The Hidden Message Revealed through Each Detail of the Christmas Story

No detail of the Christmas story came by happenstance. But each was strategically selected by God to reveal the message of all messages.

Kyle WinklerBy Kyle Winkler
Author & Bible Teacher

Each year, as the Christmas season ramps up and I begin to transition to the holiday music, there’s always a line in one of the traditional hymns that moves me to worship. One year it was the simple verse, “God and sinners reconciled” from “Hark! The Herald Angels Sing.” The next was the proclamation that “in His name, all oppression shall cease” from “O Holy Night.” But this year, a stanza from the less familiar “God Rest Ye Merry Gentlemen” provokes the praise: “Remember, Christ our Savior was born on Christmas day to save us all from Satan’s power when were gone astray.”

Perhaps the significance of this line to me is that it poignantly portrays the often-overlooked meaning of Christmas.

Most never consider the purpose of Christmas has anything to do with spiritual battles. But this is precisely what John declared was the mission of Christ’s ministry on earth: “For this purpose the Son of God was revealed, that He might destroy the works of the devil” (1 John 3:8, MEV). Yes, the original Christmas is the inauguration of Jesus’ entry into this world to transfer us from the dominion of darkness and into God’s marvelous light.

The Plan

Let’s begin on the same page about the world into which Jesus was born. It was a world under the influence of the enemy. In short, in the beginning, the serpent deceived Adam and Eve with a promise of knowledge of good and evil. By succumbing to his scheme, the first couple effectively handed over to the devil the dominion that God had previously given them (Gen. 1:26, 28). From this moment, creation was fallen. For the first time, death reigned, and with it, all of its counterparts: sickness, disease and suffering.

The only solution to restore something from death is to cover it with perfect life. And thus, God eventually instituted a law of atonement in which the sins of His people were cleansed by the lifeblood of a pure, spotless lamb.

Certainly, a fallen creation wasn’t God’s original will. And animal sacrifice was only meant as a temporary solution to point to what would later come: the redemption plan devised from the beginning. This is what Peter announced. Before the creation, God had a plan in place that His Son, Jesus, would come to earth to be the final, once-for-all sacrificed Lamb of God (see 1 Pet. 1:19–20). As the Lamb who was slain, Jesus would destroy the works of the enemy: the power of sin and all its effects.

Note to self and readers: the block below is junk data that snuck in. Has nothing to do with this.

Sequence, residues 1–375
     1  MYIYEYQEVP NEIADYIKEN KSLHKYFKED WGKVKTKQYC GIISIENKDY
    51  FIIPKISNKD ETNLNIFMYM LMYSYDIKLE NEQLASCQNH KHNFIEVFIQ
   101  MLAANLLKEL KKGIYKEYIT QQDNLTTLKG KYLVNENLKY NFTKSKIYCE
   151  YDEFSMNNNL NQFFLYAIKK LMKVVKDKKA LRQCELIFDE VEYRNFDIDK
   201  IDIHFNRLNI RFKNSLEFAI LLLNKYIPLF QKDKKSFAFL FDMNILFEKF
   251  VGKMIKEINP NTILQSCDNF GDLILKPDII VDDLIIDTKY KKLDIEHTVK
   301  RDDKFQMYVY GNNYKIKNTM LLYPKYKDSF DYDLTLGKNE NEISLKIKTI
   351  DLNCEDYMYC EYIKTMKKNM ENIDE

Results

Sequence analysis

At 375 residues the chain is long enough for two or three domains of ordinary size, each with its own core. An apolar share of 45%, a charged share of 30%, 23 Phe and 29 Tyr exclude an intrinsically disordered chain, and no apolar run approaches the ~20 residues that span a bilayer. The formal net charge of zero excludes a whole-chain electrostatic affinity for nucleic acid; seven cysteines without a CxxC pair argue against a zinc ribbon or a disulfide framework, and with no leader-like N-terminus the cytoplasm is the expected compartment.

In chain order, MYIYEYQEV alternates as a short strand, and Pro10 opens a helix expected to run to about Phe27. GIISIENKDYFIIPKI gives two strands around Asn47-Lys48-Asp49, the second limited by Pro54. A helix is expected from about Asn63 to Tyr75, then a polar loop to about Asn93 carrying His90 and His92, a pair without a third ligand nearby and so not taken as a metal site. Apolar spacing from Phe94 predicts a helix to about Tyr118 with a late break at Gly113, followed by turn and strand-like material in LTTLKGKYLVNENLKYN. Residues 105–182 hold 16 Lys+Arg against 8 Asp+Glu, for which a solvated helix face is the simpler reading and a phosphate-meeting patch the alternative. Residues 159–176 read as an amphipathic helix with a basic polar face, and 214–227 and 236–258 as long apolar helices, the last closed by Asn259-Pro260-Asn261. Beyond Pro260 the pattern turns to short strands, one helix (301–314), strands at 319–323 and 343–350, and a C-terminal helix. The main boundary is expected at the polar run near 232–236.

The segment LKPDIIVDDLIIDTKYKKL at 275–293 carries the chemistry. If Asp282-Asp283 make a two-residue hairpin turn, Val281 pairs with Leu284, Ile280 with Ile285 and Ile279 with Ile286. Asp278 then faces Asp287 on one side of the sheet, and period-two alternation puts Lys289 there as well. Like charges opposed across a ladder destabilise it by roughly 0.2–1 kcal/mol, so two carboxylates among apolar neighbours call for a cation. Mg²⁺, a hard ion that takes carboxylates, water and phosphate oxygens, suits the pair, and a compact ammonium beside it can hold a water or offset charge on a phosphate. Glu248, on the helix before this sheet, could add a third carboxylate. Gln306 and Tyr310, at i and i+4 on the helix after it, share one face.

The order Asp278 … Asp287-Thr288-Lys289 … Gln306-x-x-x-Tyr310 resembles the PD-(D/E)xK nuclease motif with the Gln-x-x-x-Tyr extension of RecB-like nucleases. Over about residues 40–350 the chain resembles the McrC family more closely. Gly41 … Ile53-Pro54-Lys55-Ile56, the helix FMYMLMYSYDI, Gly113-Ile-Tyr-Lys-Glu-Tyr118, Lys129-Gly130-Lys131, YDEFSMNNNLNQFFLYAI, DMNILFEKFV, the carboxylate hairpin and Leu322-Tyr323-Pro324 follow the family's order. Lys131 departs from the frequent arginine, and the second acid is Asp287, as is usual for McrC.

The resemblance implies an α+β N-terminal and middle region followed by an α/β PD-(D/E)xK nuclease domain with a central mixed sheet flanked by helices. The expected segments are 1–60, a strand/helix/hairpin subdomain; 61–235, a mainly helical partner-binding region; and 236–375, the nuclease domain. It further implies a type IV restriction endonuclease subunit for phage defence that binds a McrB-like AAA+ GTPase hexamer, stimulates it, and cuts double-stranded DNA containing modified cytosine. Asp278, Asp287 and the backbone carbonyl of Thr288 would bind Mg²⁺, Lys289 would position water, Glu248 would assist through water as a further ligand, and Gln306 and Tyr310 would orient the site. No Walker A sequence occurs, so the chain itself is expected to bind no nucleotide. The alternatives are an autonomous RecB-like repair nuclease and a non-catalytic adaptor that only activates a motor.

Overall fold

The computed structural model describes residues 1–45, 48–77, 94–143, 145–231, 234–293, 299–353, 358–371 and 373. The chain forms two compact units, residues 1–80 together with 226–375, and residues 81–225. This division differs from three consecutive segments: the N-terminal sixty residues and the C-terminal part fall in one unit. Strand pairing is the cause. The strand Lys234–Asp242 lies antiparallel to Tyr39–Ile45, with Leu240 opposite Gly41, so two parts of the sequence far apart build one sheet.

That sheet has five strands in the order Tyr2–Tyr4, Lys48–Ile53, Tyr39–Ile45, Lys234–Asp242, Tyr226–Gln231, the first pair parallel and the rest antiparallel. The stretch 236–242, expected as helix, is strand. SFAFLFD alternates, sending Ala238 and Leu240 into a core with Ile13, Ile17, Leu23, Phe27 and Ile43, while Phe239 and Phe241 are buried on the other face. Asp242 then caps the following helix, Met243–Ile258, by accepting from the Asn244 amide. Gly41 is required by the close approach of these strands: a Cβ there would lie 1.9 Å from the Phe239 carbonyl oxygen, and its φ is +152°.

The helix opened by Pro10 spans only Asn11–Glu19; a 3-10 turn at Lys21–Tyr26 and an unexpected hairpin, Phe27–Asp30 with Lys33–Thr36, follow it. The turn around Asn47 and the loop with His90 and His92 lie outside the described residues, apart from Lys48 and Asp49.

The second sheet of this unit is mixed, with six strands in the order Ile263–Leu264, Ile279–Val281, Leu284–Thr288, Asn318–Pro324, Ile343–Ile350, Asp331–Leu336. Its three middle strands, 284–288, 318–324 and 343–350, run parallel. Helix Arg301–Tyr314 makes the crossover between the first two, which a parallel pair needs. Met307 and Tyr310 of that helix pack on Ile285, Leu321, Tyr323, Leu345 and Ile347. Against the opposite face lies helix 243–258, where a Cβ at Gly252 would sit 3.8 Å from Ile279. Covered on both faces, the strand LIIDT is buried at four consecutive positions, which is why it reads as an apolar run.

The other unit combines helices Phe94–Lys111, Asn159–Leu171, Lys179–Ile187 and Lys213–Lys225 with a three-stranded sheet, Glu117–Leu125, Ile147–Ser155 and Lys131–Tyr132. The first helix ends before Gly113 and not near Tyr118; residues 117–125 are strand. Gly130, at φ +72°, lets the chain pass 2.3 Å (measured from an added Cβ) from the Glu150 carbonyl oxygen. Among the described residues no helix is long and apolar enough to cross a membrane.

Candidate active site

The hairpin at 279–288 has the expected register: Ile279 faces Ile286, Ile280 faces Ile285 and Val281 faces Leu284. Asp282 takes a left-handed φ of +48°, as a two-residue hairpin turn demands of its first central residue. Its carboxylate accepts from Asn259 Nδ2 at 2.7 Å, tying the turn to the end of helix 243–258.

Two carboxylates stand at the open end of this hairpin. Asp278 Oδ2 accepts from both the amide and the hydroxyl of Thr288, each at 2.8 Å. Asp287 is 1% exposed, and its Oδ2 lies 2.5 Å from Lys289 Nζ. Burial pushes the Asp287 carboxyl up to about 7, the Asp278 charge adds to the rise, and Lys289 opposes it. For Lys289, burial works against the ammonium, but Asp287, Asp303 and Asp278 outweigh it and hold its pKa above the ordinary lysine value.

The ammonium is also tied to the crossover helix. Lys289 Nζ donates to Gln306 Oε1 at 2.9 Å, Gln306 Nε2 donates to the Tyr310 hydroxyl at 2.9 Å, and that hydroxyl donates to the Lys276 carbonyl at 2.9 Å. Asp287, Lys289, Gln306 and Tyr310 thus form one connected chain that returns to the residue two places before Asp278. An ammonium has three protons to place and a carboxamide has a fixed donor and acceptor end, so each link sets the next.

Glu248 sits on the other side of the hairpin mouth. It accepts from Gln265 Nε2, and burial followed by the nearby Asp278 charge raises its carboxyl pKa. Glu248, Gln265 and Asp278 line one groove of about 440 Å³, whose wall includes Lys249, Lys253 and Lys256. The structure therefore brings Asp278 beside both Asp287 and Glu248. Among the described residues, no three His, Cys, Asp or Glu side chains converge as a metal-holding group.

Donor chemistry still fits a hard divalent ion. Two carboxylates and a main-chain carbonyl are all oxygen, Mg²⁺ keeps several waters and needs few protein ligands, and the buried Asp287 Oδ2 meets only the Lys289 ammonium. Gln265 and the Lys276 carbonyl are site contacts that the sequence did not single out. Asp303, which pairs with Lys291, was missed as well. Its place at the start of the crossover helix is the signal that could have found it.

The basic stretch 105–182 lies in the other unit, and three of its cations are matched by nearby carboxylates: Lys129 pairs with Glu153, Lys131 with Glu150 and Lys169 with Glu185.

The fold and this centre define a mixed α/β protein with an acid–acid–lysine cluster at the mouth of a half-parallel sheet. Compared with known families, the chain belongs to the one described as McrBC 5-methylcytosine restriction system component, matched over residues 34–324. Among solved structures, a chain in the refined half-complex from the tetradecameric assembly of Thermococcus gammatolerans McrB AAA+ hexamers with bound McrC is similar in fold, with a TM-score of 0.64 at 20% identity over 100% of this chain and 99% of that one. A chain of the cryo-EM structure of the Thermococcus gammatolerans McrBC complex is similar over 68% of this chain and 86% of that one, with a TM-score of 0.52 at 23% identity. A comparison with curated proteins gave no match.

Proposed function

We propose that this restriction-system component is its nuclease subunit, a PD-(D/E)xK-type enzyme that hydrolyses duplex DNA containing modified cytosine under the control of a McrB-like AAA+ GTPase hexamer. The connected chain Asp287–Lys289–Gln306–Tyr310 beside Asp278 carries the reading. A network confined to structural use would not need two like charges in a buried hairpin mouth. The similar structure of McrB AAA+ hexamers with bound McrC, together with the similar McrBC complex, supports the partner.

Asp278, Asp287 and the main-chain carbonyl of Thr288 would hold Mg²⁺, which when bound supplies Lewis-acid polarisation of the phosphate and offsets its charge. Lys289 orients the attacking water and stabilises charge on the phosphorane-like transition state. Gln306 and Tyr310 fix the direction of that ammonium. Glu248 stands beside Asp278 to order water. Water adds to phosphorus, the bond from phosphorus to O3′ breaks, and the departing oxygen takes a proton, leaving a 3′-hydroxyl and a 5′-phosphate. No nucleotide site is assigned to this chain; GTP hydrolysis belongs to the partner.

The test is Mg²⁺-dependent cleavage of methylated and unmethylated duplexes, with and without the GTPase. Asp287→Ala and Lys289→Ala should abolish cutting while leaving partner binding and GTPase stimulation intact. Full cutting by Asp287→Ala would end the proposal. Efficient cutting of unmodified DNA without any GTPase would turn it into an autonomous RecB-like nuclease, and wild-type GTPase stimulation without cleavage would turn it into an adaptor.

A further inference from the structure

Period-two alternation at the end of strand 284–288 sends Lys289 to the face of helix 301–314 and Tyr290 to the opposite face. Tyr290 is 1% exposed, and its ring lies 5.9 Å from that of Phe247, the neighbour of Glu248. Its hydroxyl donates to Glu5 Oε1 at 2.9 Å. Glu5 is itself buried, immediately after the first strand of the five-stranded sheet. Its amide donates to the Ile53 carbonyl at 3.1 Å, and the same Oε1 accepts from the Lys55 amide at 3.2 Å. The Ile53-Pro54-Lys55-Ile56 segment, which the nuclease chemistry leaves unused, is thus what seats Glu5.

The first Christmas marks the moment when this Word became flesh. And as we’ll now explore, everything about the Christmas story points to this purpose.

The Birthplace

One of the most familiar details of the Nativity is also one of the most revealing. It’s Bethlehem, the birthplace of Jesus. Luke records that because of a census, Joseph and Mary had to return to Bethlehem, the city of Joseph’s descendants (Lk. 2:4). But it’s not happenstance that Jesus was born during this visit. No, scholars report Bethlehem is the city where lambs purchased for sacrifice in the temple were born and raised. In fact, every first born male lamb in Bethlehem was set aside to later be delivered to Jerusalem. And so was the Lamb of God.

The Setting

Luke’s account chronicles that after Mary delivered baby Jesus, she and Joseph had to settle upon resting Him in a manger, wrapped in swaddling clothing. Once again, this wasn’t the product of mere coincidence. It wasn’t only because “there was no room for them in the inn” (v. 7). But rather, it was ordered by God as a prophetic setting for Jesus’ destiny.

A manger is phatne in the Greek, which is simply another word for a feeding trough. Of course, such a place is suitable for a lamb. And fittingly then, it’s where the Lamb of God spent His first days.

The People

A region known for raising lambs should also be known for shepherds. And Bethlehem was no exception. Luke concludes his Christmas story retelling about angels who directed nearby shepherds to tend to the newborn Jesus (vv. 8–20).

It’s only appropriate that shepherds were the first to visit Jesus. After all, it is a shepherd’s responsibility to tend to the birth of infant lambs. Little did they know they were tending to the birth of their final sacrificial lamb.

Indeed, neither the plot, the place, nor the people included in the Christmas story came about by happenstance. No, each detail was strategically selected by God to reveal the message of all messages: Jesus Christ, the Lamb of God, came to earth for a mission to take upon the sin of the world and thereby destroy the works of the enemy in my life, your life and the lives of all who know Him as Savior.

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